4 Min Read
* Higher oil and stock prices help boost Canadian dollar
* Currency fell to 4-year low below 70 US cents overnight
* Bond prices slide as investors flock back to equities
By Frank Pingue
TORONTO, Oct 28 (Reuters) - The Canadian dollar was higher versus the U.S. dollar on Tuesday in choppy trade that saw the currency move back from its lowest level in more than four years as a bout of short-covering kicked in.
Bond prices, with no Canadian data to consider, were down across the curve alongside the bigger U.S. Treasury market as a slew of bargain-hunting gave a jolt to global stock markets and left little interest in government debt.
At 9:40 a.m. (1440 GMT), the Canadian unit was at C$1.2864 to the U.S. dollar, or 77.74 U.S. cents, up from C$1.2889 to the U.S. dollar, or 77.58 U.S. cents, at Monday's close.
That erased a steep overnight fall in the currency, which dropped to C$1.3019 to the U.S. dollar, or 76.81 U.S. cents, its lowest level since September 2004.
"People were lined up one way, the markets went against them and they basically had to jump on it," said David Watt, senior currency strategist at RBC Capital Markets.
"And where we are now is probably more reasonable given what's going on with other assets that we've been lumped in with for the past couple of weeks."
The bounce in the Canadian dollar was also aided by a rally in global stock markets, higher prices for oil, a key Canadian export, and a slightly improved overall market sentiment.
But Watt suggested that the overnight low for the Canadian dollar below 77 U.S. cents could be a sign of things to come if signs of slowing global growth persist and if oil prices fall closer to the $60-a-barrel level.
With no Canadian economic data due until later in the week, the currency's direction until then will likely be dictated by overall market sentiment.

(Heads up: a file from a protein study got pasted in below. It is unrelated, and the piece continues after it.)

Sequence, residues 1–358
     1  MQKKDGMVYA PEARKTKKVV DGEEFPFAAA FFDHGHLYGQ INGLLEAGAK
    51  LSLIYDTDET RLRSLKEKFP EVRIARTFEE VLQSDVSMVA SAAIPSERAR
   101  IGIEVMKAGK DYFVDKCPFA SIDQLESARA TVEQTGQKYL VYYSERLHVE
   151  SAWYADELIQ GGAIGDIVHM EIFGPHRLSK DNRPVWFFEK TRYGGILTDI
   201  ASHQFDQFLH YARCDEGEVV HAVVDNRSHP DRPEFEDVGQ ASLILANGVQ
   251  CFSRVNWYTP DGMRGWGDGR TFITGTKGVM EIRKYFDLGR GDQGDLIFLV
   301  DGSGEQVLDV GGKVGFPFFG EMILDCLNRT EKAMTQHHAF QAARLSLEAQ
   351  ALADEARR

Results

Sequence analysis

The Canadian industrial product price index and the raw materials price index for September are due out on Thursday, followed by Friday's gross domestic product report for August.
Canadian bond prices were all stuck lower after a global equities rally lessened the appeal of secure government debt.
The Toronto Stock Exchange's main index shot 402 points, or 4.7 percent, higher at the open following a steep slide the previous session. The Dow Jones industrial average rose 140 points, or 1.7 percent, at the open.
The Canadian overnight Libor rate LIBOR01 was 2.2750 percent, up from 2.2500 percent on Monday.
Monday's CORRA rate CORRA= was 2.2512 percent, down from 2.2609 percent on Friday. The Bank of Canada publishes the previous day's rate at around 9 a.m. daily.
The two-year bond was down 7 Canadian cents at C$101.32 to yield 2.100 percent. The 10-year bond dropped 54 Canadian cents to C$104.58 to yield 3.678 percent.
The yield spread between the two-year and the 10-year bond moved to 160 basis points from 164 at the previous close.
The 30-year bond dipped 98 Canadian cents to C$113.67 to yield 4.176 percent. In the United States, the 30-year Treasury yielded 4.136 percent. (Editing by Peter Galloway)